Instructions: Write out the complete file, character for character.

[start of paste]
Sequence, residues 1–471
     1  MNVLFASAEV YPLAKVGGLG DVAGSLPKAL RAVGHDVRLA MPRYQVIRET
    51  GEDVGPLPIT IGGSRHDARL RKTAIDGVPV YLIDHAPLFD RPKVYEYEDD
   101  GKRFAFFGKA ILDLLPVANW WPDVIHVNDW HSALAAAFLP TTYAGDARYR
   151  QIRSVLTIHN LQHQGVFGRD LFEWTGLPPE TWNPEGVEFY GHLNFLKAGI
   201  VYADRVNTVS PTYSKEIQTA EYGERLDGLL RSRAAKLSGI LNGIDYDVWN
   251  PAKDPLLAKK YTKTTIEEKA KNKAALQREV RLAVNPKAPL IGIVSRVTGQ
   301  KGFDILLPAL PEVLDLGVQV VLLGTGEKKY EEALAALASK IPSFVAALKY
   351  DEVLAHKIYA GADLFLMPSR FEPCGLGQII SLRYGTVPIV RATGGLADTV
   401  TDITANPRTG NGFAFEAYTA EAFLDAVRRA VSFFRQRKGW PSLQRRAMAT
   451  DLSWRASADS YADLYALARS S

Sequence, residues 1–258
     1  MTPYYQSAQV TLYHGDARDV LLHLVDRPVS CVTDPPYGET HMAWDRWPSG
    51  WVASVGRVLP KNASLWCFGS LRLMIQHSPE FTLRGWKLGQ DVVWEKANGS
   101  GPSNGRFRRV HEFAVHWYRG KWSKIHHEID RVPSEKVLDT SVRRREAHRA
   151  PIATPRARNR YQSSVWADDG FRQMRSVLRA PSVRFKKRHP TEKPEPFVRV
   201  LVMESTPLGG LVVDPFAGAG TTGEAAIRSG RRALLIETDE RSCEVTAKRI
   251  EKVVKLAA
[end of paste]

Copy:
Sequence, residues 1–471
     1  MNVLFASAEV YPLAKVGGLG DVAGSLPKAL RAVGHDVRLA MPRYQVIRET
    51  GEDVGPLPIT IGGSRHDARL RKTAIDGVPV YLIDHAPLFD RPKVYEYEDD
   101  GKRFAFFGKA ILDLLPVANW WPDVIHVNDW HSALAAAFLP TTYAGDARYR
   151  QIRSVLTIHN LQHQGVFGRD LFEWTGLPPE TWNPEGVEFY GHLNFLKAGI
   201  VYADRVNTVS PTYSKEIQTA EYGERLDGLL RSRAAKLSGI LNGIDYDVWN
   251  PAKDPLLAKK YTKTTIEEKA KNKAALQREV RLAVNPKAPL IGIVSRVTGQ
   301  KGFDILLPAL PEVLDLGVQV VLLGTGEKKY EEALAALASK IPSFVAALKY
   351  DEVLAHKIYA GADLFLMPSR FEPCGLGQII SLRYGTVPIV RATGGLADTV
   401  TDITANPRTG NGFAFEAYTA EAFLDAVRRA VSFFRQRKGW PSLQRRAMAT
   451  DLSWRASADS YADLYALARS S

Sequence, residues 1–258
     1  MTPYYQSAQV TLYHGDARDV LLHLVDRPVS CVTDPPYGET HMAWDRWPSG
    51  WVASVGRVLP KNASLWCFGS LRLMIQHSPE FTLRGWKLGQ DVVWEKANGS
   101  GPSNGRFRRV HEFAVHWYRG KWSKIHHEID RVPSEKVLDT SVRRREAHRA
   151  PIATPRARNR YQSSVWADDG FRQMRSVLRA PSVRFKKRHP TEKPEPFVRV
   201  LVMESTPLGG LVVDPFAGAG TTGEAAIRSG RRALLIETDE RSCEVTAKRI
   251  EKVVKLAA